"Point of Use" or "Whole House Tankless"?

Discussion in 'Tankless Water Heater Forum' started by izabella, May 1, 2021 at 12:39 PM.

  1. izabella

    izabella New Member

    Joined:
    Apr 24, 2021
    Location:
    Chicago
    I am renovating a new one bedroom, one bathroom home. It is 900 square feet in size, so space is at a premium. It means we won't be able to use the conventional big tank heater. Because we don't have gas, we'll need electricity ...and one Whole House Tankless or three Point of Use heaters in the kitchen, one in the bathroom, and one in the laundry. The washer is only a couple of feet from the bathroom heater which means.....maybe this third heater isn't needed for the laundry. ???



    However, the budget is a serious consideration. That said, I am not a big fan of running water, waiting for it to get hot... but it's not a deal breaker if it means saving a lot of money.



    I have my kitchen, the bath 20' from there, then the laundry washer another 12' away from it. If it helps/matters, the largest gap between my plumbing is 32'.



    Could you please tell me what you would recommend in my case? Two or three Point of Use heaters......OR a whole house tankless heater in the bathroom? I am badly confused and unable to take decision.
     
  2. breplum

    breplum Member

    Joined:
    Oct 2, 2004
    Occupation:
    Plumbing and heating contractor
    Location:
    San Francisco Bay Area
    How much electrical power is available is one factor. Then running dedicated power lines to each spot and dealing with piping at each fixture is another cost factor.
    If you are not doing all the work yourself, you should just get pros to price for you and base everything on that.
    You are going to be factoring your local water temp., plus temperature rise based on flow.
    Note that cheaper electrical instant water heaters (EEMAX and do not necessarily last that long and only come with a one year parts warranty, so buy a spare!
    Stiebel Eltron tankless have 3 year warranties and cost double.

    [​IMG]
     
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  4. izabella

    izabella New Member

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    Apr 24, 2021
    Location:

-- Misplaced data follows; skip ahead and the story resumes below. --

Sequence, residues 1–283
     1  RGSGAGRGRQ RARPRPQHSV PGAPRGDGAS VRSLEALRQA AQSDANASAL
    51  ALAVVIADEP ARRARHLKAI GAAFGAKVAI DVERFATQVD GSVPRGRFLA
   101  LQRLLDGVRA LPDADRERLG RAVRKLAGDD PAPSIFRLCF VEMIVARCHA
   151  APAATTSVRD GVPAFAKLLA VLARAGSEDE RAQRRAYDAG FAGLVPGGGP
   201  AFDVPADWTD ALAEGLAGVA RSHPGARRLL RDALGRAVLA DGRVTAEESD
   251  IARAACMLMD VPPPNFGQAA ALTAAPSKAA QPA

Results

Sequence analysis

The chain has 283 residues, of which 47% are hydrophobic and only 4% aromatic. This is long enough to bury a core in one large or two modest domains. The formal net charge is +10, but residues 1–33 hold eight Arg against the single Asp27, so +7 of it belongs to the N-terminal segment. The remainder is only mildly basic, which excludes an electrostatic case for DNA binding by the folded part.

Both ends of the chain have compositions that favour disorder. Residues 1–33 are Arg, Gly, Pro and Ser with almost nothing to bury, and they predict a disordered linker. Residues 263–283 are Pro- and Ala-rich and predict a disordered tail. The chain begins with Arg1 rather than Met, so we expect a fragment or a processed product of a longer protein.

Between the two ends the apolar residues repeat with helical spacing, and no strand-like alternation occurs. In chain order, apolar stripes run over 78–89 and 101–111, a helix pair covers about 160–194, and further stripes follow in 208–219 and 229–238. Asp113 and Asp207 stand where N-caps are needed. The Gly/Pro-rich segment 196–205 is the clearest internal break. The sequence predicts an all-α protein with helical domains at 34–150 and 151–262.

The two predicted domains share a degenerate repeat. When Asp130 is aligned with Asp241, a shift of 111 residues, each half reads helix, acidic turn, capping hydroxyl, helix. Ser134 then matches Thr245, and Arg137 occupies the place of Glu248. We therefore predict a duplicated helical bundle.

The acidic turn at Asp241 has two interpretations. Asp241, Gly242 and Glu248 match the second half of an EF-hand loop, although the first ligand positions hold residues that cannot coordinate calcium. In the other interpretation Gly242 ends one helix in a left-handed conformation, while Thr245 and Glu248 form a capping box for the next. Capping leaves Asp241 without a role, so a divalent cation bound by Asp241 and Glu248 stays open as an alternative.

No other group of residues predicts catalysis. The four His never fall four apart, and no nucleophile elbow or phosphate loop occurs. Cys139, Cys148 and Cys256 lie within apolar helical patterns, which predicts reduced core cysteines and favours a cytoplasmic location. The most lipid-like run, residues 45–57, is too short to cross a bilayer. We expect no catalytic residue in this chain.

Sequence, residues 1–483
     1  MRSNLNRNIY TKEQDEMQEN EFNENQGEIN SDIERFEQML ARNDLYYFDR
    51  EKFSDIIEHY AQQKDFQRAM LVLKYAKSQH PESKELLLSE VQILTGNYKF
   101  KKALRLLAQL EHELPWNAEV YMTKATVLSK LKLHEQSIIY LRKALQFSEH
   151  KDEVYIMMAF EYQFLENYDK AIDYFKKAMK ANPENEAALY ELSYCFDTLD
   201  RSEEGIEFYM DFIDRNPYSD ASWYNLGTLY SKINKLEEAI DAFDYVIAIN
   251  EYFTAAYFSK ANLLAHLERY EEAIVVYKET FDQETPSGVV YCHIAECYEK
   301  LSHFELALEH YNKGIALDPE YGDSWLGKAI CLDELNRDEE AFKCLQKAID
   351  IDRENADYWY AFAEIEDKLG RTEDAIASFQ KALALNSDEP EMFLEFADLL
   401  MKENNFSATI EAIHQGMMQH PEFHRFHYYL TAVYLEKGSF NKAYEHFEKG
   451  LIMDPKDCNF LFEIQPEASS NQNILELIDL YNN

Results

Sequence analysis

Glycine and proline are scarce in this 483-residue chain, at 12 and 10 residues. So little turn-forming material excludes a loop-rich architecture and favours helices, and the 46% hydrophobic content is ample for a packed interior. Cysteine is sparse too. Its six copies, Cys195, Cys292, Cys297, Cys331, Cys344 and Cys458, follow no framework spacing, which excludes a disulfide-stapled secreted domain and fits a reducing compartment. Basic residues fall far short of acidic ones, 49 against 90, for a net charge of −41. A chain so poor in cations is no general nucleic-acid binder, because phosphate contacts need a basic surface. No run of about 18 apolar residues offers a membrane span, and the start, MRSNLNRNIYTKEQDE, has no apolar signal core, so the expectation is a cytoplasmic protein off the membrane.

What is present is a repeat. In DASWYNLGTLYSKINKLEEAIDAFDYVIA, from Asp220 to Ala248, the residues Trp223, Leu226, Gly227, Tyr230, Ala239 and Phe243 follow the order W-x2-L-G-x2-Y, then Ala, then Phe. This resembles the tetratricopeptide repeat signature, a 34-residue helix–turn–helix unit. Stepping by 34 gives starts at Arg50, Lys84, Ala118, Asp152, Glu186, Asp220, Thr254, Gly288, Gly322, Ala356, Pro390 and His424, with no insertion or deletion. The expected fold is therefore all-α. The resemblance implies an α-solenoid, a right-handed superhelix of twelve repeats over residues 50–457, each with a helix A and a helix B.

Chicago
  5. izabella

    izabella New Member

    Joined:
    Apr 24, 2021
    Location:
    Chicago
    Yes, warranties are important to consider. I am looking into it.
     
  6. fitter30

    fitter30 Well-Known Member

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    Retired service tech
    Location:
    Peace valley missouri
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  7. izabella

    izabella New Member

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    Apr 24, 2021
    Location:
    Chicago
    thank you I check this
     
  8. jadnashua

    jadnashua Retired Defense Industry Engineer xxx

    Joined:
    Sep 2, 2004
    Occupation:
    Retired Systems engineer for defense industry.
    Location:
    New England
    It is highly unlikely that you have a big enough electrical service to run three tankless systems. And, because they all could be on at the same time, your peak power rating could be huge. Some utilities charge a demand charge, which, while you may not use it all that often, can mean your base rate for electricity will go up during the electrical service upgrade likely needed.

    IMHO, your better choice would be maybe a bigger tank and add a recirculation system. Especially on the new work, you could insulate the lines. A properly implemented recirculation system will give you essentially instant hot water at the outlets it supports.

    One thing that hits some people with a tankless system is the minimum flow rate to enable it to turn on...way you've got the sink (which will have a flow restricted valve by code) turned to what should be a warm position, on many tankless systems, that isn't enough flow to turn them on at all. A workaround on some is to use full hot, then, move it to warm, as the turn off can be smaller than the turn on volume. Low flow and warm may never keep the tankless turned on. Chicago probably gets a lot of its water from the lake, so unless you have a softener, you'll be introducing at least an annual service call on each unit to descale it, or the performance will quickly degrade.

    Tankless systems can work well, but are harder to specify and setup in areas where the ground water temperature gets quite cold, and will require regular maintenance to keep them running although especially on an electric one, they're pretty simple. Not as simple as an electric tank, though!

    If a bathroom includes a tub, an electric tankless system will usually be quickly overwhelmed, and may never work, nor would it if you had a multihead shower during the wintertime.

    If you're willing and able, you might get by with propane units, but I still think a (maybe larger) electric tank and a recirculation system would fit the bill better.
     
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  9. izabella

    izabella New Member

    Joined:
    Apr 24, 2021
    Location:
    Chicago
    Thank you everyone, I bought 24 kw Rheem with the flow rate 5.9. I hope it would be a best decision. It have 5 years warranty.
     
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